Last Thursday, as the entire country was talking about the idea of leveraging the bailout fund, he profusely vented his indignation in front of the FDP parliamentary group about others who had supposedly broached this dangerous issue. He told them that he was "exceedingly" annoyed that Olli Rehn, the European commissioner for economic and monetary affairs, was making "such proposals." Then he spelled out his position: "We are not increasing the scope of the fund; we are merely safeguarding the €440 billion." This still leaves Germany with a liability risk of €211 billion, he said. "I am not committing to anything beyond that, just so you don't later accuse me of telling you something that isn't true."

That certainly sounded convincing, but Schäuble had merely demonstrated another tactic from his bag of tricks as a seasoned politician: the denial that isn't actually a denial. At issue here was not whether the fund would be expanded even further, but whether there were plans to pursue clever leveraging with the volume available. "On Thursday, the parliamentarians were voting on a black box," says CDU financial expert Manfred Kolbe, who voted against the EFSF ratification.

Indeed, it is now already clear that, along with the planned guarantees for €440 billion, a considerably larger sum of money will also be mobilized among banks and insurance companies to support, if necessary, Italy and Spain, should Greek Prime Minister Georgios Papandreou be forced to declare his country bankrupt.

Increasing Risk
It would work like this: The EFSF fund would promise investors that if they purchase Italian or Spanish government bonds it would cover, say, up to 20 percent of their loses. This would render the bonds from these countries more attractive to investors, making them more willing to make fresh money available.

The effective financing volume of the bailout fund would thus increase fivefold. If the fund were to cover 25 percent of losses, the firepower of the EFSF would be ramped up by a factor of four. What makes this solution so appealing is that, according to government lawyers, the entire process could take place within the legal framework of the euro backstop fund, and its regulations would not have to be amended and passed by the Bundestag again. The approval of the parliament's budget committee would suffice. Nevertheless, this approach would further increase the government's credit risks.

Furthermore, the idea of granting the EFSF access to money from the central bank is still on the table, despite the fact that Merkel has tried to put a lid on the issue. Schäuble has been extremely coy about revealing his preferences, but others are openly calling for the move. Within the European Commission, Olli Rehn is the staunchest backer of this scheme, while among the member countries of the monetary zone the idea is embraced by France and the ailing peripheral countries.

Just Amend the Treaties
The notion is certainly not opposed by everyone at the ECB, either. The head of the Austrian central bank, Ewald Nowotny, is open to this approach, ECB Vice President Vítor Constâncio from Portugal supports it, and future ECB President Mario Draghi, an Italian, has no objections.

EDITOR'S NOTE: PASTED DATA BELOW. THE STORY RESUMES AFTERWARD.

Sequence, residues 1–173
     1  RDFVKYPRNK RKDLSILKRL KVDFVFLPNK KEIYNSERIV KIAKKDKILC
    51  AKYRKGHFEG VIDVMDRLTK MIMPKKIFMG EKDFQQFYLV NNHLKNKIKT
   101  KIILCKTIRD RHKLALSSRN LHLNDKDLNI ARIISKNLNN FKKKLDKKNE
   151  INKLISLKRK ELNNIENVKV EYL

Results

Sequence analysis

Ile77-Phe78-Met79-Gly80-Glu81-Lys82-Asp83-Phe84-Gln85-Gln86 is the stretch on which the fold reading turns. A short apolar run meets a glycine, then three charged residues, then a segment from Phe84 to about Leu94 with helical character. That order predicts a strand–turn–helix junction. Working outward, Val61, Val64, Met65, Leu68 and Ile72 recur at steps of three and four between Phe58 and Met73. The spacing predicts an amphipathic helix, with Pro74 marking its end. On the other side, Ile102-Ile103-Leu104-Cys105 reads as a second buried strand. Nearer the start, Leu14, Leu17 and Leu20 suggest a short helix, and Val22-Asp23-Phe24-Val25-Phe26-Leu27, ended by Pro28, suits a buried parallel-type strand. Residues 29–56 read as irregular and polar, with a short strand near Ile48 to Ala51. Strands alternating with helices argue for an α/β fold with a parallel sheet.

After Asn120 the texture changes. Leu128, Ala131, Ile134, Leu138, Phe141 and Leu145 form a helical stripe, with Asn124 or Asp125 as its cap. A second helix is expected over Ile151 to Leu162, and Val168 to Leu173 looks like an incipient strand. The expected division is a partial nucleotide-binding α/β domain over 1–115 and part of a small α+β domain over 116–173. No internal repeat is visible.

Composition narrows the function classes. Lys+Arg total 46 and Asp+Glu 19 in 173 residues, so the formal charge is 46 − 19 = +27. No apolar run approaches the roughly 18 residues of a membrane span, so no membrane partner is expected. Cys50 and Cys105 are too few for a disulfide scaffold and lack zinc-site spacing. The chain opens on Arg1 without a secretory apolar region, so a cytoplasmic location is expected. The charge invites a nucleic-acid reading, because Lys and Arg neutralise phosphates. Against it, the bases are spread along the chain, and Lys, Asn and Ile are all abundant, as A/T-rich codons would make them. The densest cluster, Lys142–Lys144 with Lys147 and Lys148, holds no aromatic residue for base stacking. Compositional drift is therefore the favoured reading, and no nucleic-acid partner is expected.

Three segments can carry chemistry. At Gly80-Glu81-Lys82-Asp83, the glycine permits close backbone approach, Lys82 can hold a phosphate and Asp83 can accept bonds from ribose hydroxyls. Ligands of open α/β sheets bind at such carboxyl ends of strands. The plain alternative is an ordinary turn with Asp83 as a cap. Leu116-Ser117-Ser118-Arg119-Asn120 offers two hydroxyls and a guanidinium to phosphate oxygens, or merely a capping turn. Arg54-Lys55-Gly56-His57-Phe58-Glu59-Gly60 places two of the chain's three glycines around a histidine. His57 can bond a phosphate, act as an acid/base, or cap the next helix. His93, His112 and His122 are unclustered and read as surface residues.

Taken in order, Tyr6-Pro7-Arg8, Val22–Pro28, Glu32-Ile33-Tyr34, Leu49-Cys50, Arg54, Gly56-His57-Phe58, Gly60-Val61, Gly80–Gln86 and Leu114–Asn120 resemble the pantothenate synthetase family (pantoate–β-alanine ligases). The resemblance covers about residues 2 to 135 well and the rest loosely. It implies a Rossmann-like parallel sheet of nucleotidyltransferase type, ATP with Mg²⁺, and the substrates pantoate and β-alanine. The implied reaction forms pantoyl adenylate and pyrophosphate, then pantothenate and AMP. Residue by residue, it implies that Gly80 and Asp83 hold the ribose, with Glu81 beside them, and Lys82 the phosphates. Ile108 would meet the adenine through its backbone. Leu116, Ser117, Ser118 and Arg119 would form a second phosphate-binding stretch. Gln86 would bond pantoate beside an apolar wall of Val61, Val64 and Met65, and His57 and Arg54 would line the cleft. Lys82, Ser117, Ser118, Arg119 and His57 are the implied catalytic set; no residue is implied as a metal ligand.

By contrast, current ECB President Jean-Claude Trichet rejects it, along with Jens Weidmann, the president of the German central bank, the Bundesbank. It is also opposed by Jörg Asmussen, the ECB's future chief economist, who is currently serving as a state secretary in the German Finance Ministry. Not even Klaus Regling, the German in charge of the Luxembourg-based EFSF, likes the idea.

Opponents of the scheme have legal concerns. They say that such a plan violates European treaties that prohibit the ECB from propping up national finances. Schäuble remains undeterred by such objections. If need be, he says, the treaties simply have to be amended. He sees Europe's current crisis as merely a stage on the road to even greater integration.

'European Dreams'
Not only is the FDP shying away from Schäuble's course, but the CSU is also annoyed. This was patently evident at the meeting of the CSU parliamentary group last Monday. The finance minister's comments in Washington were still fresh in everyone's mind, and the mood was understandably dour. Bavarian governor and CSU leader Horst Seehofer was irked that Schäuble had once again propagated his vision of a United States of Europe. Seehofer knows that this position is unpopular at home. In fact, Bavaria even amended its state constitution to make it perfectly clear that the CSU would only accept a "Europe of regions," said Seehofer.

This was followed by a statement that couldn't have been clearer: "Thus far and no further," the CSU leader proclaimed. He is concerned that the euro bailout policies in Berlin could jeopardize his party's success in the upcoming Bavarian state parliamentary election.

The CSU is still trying to pin Schäuble down. "It's still unclear to me what the German finance minister is angling at," says Georg Nüsslein, the economic policy spokesman for the CSU parliamentary group. "If Schäuble wants to realize his European dreams in this crisis, then he is no longer doing his job justice."